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The effects of smoking on the cardio-respiratory system

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Cardio-respiratory System Lindzi Eaton- Ward The cardio-respiratory system consists of the cardio-vascular system working together with the respiratory system. These systems work together to transport oxygen to the muscles and organs of the body and to remove waste products including carbon dioxide. Humans need energy to carry out processes of life. In particular, energy is needed for growth and repair, and to keep the body temperature stable. The energy is obtained from the oxidation of organic molecules such as glucose. Respiration uses glucose and oxygen and produces carbon dioxide, water, and energy. This goes on constantly in every living cell of the body, and to keep the process going, the body must obtain a constant supply of oxygen and excrete carbon dioxide as waste, (Boyle 2002) The main function of the cardio-respiratory system is to link the circulatory system with the atmosphere. Its structure provides an environment that enables oxygen to be passed into the blood and carbon dioxide to be excreted. The two main processes taking place in the respiratory system are breathing/ventilation and gaseous exchange. Breathing/ventilation is the movement of air in and out of the lungs. Gaseous exchange is the movement from the air in the alveoli of the lungs to the blood capillaries surrounding them; this process is called external respiration. The process, which takes place inside the cells, when oxygen and glucose are used to produce energy, is called internal respiration. ...read more.


However, the blood returns to the heart, giving it a boost so that it can reach all the body parts quickly, (Boyle 2002) The hearts structure is mainly cardiac muscle - specialised tissue that contracts automatically, powerfully and without tiring. The thickness of the walls in the heart chambers reflects on their function. The atria are thinly muscled: they pump blood the shortest distance to the ventricles directly below them. The right ventricle is more heavily muscled than either of the atria: it has to force blood a further distance to the lungs. The left ventricle has the thickest wall: it has to push blood all around the body, (see appendix 2) for this process. The effects of smoking can have serious consequences to the structure and function of the cardio-respiratory system. People suffer with terrible illnesses such as, cardio-vascular disease - this is the main cause of death due to smoking. The hardening of the arteries is a process that develops over years when cholesterol and other fats deposit in the arteries leaving them narrow, blocked, or rigid. When the arteries narrow (atherosclerosis), blood clots are likely to form. Smoking accelerates the hardening and narrowing process in the arteries: it starts earlier and blood clots are two to four times more likely. Cardiovascular disease can take many forms depending on which blood vessels are involved, and all of them are more common in people who smoke. ...read more.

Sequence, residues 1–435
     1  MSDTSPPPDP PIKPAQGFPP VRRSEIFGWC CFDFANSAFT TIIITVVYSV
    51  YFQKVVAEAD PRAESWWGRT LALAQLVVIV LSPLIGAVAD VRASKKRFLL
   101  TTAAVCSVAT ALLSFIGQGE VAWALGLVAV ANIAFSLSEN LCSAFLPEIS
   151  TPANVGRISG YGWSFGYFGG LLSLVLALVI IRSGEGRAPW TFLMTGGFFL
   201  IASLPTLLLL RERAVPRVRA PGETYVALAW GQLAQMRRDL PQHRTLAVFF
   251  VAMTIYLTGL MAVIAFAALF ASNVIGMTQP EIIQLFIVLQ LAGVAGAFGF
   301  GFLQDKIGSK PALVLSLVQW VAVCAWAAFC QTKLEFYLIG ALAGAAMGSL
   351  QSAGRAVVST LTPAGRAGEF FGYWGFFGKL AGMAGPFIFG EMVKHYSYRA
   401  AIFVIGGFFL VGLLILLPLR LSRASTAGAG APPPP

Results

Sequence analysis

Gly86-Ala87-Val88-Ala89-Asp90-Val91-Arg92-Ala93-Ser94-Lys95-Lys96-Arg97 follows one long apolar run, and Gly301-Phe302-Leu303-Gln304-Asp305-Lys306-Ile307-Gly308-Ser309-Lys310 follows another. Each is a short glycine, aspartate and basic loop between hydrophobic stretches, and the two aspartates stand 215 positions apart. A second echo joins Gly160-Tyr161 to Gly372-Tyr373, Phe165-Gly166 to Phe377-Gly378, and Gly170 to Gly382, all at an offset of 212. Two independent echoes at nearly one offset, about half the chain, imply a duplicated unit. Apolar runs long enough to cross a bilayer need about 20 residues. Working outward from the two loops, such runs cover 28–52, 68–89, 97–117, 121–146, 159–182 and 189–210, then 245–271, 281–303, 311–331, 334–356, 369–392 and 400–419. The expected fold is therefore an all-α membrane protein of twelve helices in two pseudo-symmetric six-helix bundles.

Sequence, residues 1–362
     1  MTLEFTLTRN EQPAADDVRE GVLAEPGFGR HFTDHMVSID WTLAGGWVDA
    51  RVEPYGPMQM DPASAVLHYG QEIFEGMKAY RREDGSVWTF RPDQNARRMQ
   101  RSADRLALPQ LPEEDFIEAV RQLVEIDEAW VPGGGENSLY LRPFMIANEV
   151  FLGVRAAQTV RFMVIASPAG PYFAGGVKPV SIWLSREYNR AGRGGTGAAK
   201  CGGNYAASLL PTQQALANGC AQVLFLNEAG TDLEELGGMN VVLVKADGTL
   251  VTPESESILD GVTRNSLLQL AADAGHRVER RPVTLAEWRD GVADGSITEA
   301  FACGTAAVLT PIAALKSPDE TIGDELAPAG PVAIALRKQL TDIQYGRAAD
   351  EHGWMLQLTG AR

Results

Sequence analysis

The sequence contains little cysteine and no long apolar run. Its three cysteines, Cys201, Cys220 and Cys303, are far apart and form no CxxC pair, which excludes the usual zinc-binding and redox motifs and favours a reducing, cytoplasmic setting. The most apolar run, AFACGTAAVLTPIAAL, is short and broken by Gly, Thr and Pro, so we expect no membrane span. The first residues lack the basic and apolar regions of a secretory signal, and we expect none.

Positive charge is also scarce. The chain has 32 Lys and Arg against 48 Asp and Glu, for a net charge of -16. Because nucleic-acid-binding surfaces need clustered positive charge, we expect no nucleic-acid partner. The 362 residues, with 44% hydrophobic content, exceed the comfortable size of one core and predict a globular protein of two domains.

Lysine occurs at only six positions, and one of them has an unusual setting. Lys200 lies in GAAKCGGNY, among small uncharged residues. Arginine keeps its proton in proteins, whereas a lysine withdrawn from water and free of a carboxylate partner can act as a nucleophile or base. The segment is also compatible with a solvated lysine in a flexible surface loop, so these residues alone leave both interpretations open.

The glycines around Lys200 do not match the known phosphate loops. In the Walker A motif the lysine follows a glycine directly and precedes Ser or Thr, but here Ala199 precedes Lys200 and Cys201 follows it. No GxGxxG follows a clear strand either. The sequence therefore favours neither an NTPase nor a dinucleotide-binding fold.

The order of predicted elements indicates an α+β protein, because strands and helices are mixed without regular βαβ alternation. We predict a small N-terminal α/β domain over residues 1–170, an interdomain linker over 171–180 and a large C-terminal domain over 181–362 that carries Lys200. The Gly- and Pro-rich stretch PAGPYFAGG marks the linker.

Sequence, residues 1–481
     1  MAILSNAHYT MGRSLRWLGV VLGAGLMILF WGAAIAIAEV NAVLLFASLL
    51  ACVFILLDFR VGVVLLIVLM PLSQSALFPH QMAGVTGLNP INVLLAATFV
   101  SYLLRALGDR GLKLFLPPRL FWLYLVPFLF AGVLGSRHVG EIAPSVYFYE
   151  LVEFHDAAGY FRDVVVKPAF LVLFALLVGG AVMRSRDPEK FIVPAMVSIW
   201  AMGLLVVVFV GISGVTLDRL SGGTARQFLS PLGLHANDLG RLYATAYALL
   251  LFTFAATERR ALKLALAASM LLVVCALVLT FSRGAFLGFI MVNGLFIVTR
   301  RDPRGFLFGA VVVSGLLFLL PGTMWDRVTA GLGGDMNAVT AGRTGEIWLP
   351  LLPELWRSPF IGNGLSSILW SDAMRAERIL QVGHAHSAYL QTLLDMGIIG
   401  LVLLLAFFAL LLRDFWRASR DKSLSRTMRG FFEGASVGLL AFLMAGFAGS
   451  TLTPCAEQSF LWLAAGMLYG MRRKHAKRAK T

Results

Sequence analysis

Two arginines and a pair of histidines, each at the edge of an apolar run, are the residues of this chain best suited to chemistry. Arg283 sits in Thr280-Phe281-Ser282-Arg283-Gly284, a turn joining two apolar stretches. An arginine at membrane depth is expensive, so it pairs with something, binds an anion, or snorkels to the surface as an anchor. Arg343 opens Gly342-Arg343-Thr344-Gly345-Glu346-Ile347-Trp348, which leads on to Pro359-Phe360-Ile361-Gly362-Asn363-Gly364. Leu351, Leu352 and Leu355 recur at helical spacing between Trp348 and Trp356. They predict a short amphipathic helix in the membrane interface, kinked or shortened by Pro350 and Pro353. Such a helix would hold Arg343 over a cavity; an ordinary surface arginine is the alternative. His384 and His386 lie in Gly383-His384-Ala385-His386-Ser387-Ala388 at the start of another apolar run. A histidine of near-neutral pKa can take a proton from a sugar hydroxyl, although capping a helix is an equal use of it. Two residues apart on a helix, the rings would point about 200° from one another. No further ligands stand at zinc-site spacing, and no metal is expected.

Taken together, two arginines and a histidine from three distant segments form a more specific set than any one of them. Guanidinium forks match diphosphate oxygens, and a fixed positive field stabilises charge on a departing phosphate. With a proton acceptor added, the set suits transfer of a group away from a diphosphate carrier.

(Netdoctor 2007) Looking at the above statistics it is clear to see that smoking does have serious consequences on health. While it was an encouraged habit in the 1950's it is far from encouraged now, with the government banning cigarette smoking in all public places and health warnings being constantly in the media, hoping to result in the public either quitting smoking or not starting at all. The effects of stopping smoking take effect from as little as 8 hours after the last cigarette is smoked. After 8 hours, nicotine and carbon monoxide levels in the blood are reduced by half and oxygen levels return to normal. 24 hours later and carbon monoxide is eliminated from the body. Lungs start to clear out mucus and other smoking debris. It only takes 48 hours for nicotine to leave the body, with the ability to taste and smell being greatly improved. Breathing becomes easier after 72 hours, bronchial tubes begin to relax, and energy levels increase. Between 3 - 9 months after stopping smoking, coughs, wheezing and breathing problems improve as lung function is increased by 10%. 5 years after stopping smoking and the risk of a heart attack falls to about half of that of a smoker. Finally, 10 years after stopping smoking and the risk of lung cancer falls to half of that of a smoker. The risk of a heart attack falls to the same as someone who has never smoked. (Go smoke free leaflet 2007) ?? ?? ?? ?? 1 ...read more.

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